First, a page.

Georgetown University’s Center on Education and the Workforce recently released two reports addressing the career and earning prospects of a variety of college majors. The first report, “Hard Times: College Majors, Unemployment and Earnings,” addresses the question: is college worth it? The second report “What It’s Worth: The Economic Value of College Majors,” seeks to address the difference in potential earnings between college majors.
Georgetown University Center on Education and the Workforce (http://cew.georgetown.edu) is an independent, nonprofit research and policy institute that studies the link between individual goals, education and training curricula and career pathways. The Hard Times report was written by Anthony Carnevale, Ban Cheah and Jeff Strohl and the What It’s Worth report was written by Anthony Carnevale, Jeff Strohl and Michelle Melton.
The Hard Times report delves into whether a college degree is worth it, as “we slowly dig out from under the wreckage left by the Great Recession.” The major findings of the report include: “that the choice of undergraduate major substantially affects employment prospects and earnings;” “people who make technology are better off than people who use technology;” “majors that are linked to occupations have better employment prospects than majors focused on general skills, which the exception of some occupation-specific majors such as Agriculture, which were hurt during the recession;” and “pursuing a graduate degree may be the best option until the economy recovers though not all graduate degrees outperform all Bachelor’s degrees on employment.”
The Hard Times report states “a Bachelor’s degree is one of the best weapons a job seeker can wield in the fight for employment and earnings.” The report cited information on unemployment rates finding that “unemployment for students with new Bachelor’s degrees is an unacceptable 8.9 percent, but it’s a catastrophic 22.9 percent for job seekers with a recent high school diploma – and an almost unthinkable 31.5 percent for recent high school dropouts.”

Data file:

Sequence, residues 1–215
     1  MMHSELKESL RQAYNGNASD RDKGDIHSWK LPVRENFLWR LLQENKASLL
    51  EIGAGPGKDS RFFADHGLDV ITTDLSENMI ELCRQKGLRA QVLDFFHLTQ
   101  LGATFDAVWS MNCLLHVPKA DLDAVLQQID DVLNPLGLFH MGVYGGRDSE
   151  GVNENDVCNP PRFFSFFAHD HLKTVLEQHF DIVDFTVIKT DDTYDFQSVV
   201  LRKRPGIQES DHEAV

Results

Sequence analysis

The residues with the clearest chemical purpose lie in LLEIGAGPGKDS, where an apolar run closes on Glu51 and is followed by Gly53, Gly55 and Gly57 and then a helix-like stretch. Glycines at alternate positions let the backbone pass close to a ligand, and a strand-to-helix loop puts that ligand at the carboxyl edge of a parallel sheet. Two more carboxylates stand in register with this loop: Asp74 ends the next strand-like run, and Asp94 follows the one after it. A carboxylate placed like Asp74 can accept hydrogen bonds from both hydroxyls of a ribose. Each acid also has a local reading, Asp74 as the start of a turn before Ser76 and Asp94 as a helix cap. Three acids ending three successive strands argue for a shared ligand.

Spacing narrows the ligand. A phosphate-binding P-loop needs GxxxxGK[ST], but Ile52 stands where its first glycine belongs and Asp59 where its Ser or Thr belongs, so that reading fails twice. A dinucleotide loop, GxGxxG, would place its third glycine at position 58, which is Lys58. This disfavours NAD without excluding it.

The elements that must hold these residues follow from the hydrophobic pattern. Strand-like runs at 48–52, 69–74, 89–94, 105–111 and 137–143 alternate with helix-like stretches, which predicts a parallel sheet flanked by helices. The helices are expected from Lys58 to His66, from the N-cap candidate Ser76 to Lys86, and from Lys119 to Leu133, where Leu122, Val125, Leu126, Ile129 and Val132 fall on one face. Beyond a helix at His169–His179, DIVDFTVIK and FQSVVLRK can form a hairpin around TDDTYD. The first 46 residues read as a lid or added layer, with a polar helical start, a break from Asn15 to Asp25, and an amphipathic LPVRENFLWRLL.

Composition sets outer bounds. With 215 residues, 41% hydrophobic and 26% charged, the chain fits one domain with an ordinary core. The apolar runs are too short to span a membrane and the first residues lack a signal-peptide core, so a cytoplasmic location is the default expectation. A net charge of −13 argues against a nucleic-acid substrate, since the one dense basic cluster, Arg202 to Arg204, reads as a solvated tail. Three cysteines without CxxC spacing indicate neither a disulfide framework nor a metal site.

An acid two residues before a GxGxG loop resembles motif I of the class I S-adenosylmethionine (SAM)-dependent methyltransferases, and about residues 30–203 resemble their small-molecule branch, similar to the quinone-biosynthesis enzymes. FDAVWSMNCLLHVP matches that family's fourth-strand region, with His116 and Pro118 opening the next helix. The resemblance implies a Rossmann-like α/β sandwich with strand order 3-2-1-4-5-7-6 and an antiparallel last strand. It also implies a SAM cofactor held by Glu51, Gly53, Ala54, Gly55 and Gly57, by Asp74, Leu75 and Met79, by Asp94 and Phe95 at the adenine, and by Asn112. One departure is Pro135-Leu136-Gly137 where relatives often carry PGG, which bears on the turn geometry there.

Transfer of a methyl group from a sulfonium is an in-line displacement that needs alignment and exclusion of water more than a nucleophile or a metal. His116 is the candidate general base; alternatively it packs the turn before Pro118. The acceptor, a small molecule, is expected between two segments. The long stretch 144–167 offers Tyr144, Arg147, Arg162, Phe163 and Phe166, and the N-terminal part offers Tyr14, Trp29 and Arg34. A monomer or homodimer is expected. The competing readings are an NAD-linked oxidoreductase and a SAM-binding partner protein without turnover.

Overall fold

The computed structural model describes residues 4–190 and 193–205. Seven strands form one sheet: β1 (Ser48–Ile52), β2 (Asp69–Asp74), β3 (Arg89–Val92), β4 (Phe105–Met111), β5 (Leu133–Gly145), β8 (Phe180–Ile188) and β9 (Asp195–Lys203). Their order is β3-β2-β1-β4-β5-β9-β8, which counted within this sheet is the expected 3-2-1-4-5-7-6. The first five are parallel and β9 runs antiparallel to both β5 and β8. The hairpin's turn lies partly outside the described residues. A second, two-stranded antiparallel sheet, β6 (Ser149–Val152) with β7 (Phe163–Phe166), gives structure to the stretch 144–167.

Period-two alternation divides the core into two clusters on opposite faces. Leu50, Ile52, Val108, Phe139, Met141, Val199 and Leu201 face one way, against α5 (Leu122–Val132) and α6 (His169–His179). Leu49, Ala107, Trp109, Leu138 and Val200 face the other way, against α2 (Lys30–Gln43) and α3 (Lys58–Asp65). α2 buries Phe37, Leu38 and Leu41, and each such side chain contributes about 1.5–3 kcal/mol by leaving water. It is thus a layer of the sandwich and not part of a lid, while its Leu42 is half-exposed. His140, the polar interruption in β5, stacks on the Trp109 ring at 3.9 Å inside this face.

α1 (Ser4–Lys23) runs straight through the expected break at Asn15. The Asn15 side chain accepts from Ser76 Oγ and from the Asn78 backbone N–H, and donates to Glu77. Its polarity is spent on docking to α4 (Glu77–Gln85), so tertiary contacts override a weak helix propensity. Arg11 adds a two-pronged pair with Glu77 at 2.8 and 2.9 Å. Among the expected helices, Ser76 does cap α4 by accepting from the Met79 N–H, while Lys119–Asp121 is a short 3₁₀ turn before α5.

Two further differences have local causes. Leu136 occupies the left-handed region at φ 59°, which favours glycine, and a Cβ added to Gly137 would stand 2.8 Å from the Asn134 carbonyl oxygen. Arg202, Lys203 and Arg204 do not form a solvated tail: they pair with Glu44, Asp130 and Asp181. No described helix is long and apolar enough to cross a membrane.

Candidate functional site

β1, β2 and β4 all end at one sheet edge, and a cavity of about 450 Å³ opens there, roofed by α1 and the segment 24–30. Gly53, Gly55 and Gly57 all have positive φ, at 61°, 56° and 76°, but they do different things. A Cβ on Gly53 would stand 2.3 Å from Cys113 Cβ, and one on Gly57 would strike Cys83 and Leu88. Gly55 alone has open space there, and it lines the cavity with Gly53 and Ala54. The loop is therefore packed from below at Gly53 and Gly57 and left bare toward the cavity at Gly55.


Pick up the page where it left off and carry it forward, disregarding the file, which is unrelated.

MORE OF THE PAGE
The Hard Times report found that “unemployment in majors related to computers and mathematics vary widely depending on the technical and scientific content of the major” and adds that “we can see the difference in unemployment between people who invent computer technology as opposed to people who use computer technology. The unemployment rate for recent college graduates in Information Systems has spiked to 11.7 percent, while the rates for majors in Computer Science and Mathematics are 7.8 and 6.0 percent, respectively.”
Regarding engineering majors, the Hard Times report concluded:
“Recent graduates in Engineering do relatively well (7.5 percent unemployment), except for Civil and Mechanical Engineers who are still suffering from the deep dive in manufacturing and construction activity.”
“Engineering majors lead both in earnings for recent and experienced college graduates followed by Computer and Mathematics majors, and Business majors. Recent graduates in Healthcare majors start out with high earnings, but begin to lose ground to Science, Business and Engineering as college graduates gain experience and graduate degrees.”
The What It’s Worth report concluded:
“The top 10 majors with the highest median earnings are: Petroleum Engineer ($120,000); Pharmacy/pharmaceutical Sciences and Administration ($105,000); Mathematics and Computer Sciences ($98,000); Aerospace Engineering ($87,000); Chemical Engineering ($86,000); Electrical Engineering ($85,000); Naval Architecture and Marine Engineering ($82,000); Mechanical Engineering, Metallurgical Engineering and Mining and Mineral Engineering (each with an media earnings of $80,000).”
“In today’s challenging jobs economy, there are some fields with virtually no unemployment: Geological and Geophysical Engineering; Military Technologies; Pharmacology; and School Student Counseling. While majors with the highest unemployment rates are in the fields of: Social Psychology (16 percent); Nuclear Engineering (11 percent) and Educational Administration and Supervision (11 percent).”